A six-member consortium has validated the industrialized field 3D printed ventilator The device is a field respirator, called Leitat 1. The group consisting of Spanish organizations like the Consorci de la Zona Franca (CZFB), HP, Leitat (Tecnio), CatSalut, the Consorci Sanitari de Terrassa (CST) and the Hospital Parc Taulí de Sabadell.
The new 3D respirator design is made in response to the severe shortage of medical equipment used to treat patients infected with the COVID-19 virus that is currently plaguing the world. The shortage has been particularly crippling in Spain where new cases of the disease are tolling up to world record-breaking numbers.
Hospital resources are stretched thin to the point of hospitals refusing to take in patients older than 65 who need intensive care treatment for the disease.
The alliance has made use of 3D technology and existing capabilities at its disposal, both in design and in prototyping to make a functional model of a ventilator. The ventilator has proven effective in tests. This device also has the virtue of being industrially scalable, so that the production capacity of between 50 and 100 units per day can be reached by next week.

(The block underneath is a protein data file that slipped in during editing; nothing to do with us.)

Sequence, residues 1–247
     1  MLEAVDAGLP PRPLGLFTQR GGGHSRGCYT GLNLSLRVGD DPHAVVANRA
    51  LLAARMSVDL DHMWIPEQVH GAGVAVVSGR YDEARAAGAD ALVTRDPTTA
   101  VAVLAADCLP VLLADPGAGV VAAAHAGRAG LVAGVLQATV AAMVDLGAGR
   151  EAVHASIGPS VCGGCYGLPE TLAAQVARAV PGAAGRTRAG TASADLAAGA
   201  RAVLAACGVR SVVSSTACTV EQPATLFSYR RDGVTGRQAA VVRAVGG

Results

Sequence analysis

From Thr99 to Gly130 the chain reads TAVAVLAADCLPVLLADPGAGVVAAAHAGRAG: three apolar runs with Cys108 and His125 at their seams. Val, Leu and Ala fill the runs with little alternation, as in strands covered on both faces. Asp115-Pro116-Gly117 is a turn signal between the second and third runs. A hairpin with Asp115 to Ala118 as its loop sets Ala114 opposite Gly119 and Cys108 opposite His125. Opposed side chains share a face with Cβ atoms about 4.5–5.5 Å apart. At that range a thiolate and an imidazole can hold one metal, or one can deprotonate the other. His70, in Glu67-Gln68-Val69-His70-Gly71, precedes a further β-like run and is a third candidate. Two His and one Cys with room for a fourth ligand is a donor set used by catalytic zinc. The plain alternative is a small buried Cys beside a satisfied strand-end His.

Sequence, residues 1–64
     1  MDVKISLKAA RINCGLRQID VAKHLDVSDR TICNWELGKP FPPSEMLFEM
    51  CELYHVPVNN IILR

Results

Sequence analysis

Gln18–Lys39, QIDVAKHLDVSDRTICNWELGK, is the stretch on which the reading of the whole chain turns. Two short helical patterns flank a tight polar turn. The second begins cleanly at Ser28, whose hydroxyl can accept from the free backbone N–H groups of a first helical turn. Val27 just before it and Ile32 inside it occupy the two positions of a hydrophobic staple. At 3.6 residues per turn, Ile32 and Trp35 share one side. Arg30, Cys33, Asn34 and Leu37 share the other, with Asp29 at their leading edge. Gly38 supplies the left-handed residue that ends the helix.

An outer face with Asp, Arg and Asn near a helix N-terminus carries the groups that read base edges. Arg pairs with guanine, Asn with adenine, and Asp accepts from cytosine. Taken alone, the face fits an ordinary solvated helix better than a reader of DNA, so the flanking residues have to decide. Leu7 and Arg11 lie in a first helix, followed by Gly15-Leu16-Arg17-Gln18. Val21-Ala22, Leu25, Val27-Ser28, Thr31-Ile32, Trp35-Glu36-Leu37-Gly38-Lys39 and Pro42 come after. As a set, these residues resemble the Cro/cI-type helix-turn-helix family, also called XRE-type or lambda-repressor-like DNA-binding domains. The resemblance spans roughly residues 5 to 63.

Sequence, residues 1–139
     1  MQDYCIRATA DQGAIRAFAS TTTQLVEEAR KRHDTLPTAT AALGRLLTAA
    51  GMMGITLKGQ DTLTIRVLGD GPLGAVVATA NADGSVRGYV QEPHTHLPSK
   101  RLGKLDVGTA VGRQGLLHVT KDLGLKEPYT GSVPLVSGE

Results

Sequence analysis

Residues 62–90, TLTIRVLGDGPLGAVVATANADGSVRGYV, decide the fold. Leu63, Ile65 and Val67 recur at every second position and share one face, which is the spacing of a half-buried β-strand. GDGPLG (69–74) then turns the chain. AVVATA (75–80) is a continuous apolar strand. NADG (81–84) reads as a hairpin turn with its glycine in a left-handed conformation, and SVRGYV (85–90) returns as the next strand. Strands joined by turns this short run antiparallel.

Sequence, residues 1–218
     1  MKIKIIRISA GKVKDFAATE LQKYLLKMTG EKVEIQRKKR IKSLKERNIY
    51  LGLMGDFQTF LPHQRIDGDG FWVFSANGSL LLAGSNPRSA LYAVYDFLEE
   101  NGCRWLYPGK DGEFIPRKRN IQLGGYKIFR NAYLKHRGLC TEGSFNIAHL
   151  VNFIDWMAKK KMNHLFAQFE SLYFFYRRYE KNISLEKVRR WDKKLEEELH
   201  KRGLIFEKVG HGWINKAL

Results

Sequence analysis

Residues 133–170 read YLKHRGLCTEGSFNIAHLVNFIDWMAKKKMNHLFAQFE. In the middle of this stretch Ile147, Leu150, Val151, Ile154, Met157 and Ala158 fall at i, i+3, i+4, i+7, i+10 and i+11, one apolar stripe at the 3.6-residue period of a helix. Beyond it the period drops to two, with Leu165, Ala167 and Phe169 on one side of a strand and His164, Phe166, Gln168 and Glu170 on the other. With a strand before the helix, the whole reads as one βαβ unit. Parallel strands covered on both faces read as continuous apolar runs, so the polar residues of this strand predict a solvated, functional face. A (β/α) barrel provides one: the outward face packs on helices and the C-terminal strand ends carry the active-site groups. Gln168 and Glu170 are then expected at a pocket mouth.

3D printing these devices are the ideal way to go because it only needs a desktop 3D printer which can easily be set up so that production can start immediately.
The designers of the device were very diligent to make it as simple as possible, simplifying the device components in order to develop a robust, useful and less complex medical device, facilitating both production and assembly.
The design was created by Leitat senior engineer Mr. Magí Galindo, and medically validated by Dr. Lluís Blanch, Director of Innovation at the Hospital Parc Taulí in Sabadell, an expert in mechanical ventilation. Production begins immediately, adjusting the requirements that may be pending – according to the State Pharmacological Agency – for an improved model (Leitat2) which is already in development
For production, Airbus and Navantia have also joined the alliance, which will rely on the production capacity of both users and maker communities, with the aim of increasing production within just a few days.
Several projects are underway to design, produce, deliver and share simplified but effective ventilators to face the COVID-19 emergency.